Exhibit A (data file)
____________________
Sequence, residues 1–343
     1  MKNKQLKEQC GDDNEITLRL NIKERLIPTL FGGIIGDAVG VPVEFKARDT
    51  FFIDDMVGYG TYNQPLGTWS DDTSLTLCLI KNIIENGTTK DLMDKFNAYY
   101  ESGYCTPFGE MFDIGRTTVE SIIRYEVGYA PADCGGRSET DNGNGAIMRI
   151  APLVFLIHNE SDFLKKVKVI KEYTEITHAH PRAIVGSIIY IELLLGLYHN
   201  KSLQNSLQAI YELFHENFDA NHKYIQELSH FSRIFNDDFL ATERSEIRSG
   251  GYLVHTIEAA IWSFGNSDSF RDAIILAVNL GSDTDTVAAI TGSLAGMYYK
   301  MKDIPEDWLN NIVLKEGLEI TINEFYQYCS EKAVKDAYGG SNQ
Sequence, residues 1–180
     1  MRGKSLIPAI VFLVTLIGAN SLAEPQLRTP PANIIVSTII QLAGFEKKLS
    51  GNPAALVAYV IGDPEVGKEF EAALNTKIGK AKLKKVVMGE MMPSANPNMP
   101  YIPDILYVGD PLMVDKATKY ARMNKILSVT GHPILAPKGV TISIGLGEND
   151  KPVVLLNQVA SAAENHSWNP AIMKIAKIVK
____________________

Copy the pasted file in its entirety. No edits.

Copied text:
Sequence, residues 1–343
     1  MKNKQLKEQC GDDNEITLRL NIKERLIPTL FGGIIGDAVG VPVEFKARDT
    51  FFIDDMVGYG TYNQPLGTWS DDTSLTLCLI KNIIENGTTK DLMDKFNAYY
   101  ESGYCTPFGE MFDIGRTTVE SIIRYEVGYA PADCGGRSET DNGNGAIMRI
   151  APLVFLIHNE SDFLKKVKVI KEYTEITHAH PRAIVGSIIY IELLLGLYHN
   201  KSLQNSLQAI YELFHENFDA NHKYIQELSH FSRIFNDDFL ATERSEIRSG
   251  GYLVHTIEAA IWSFGNSDSF RDAIILAVNL GSDTDTVAAI TGSLAGMYYK
   301  MKDIPEDWLN NIVLKEGLEI TINEFYQYCS EKAVKDAYGG SNQ
Sequence, residues 1–180
     1  MRGKSLIPAI VFLVTLIGAN SLAEPQLRTP PANIIVSTII QLAGFEKKLS
    51  GNPAALVAYV IGDPEVGKEF EAALNTKIGK AKLKKVVMGE MMPSANPNMP
   101  YIPDILYVGD PLMVDKATKY ARMNKILSVT GHPILAPKGV TISIGLGEND
   151  KPVVLLNQVA SAAENHSWNP AIMKIAKIVK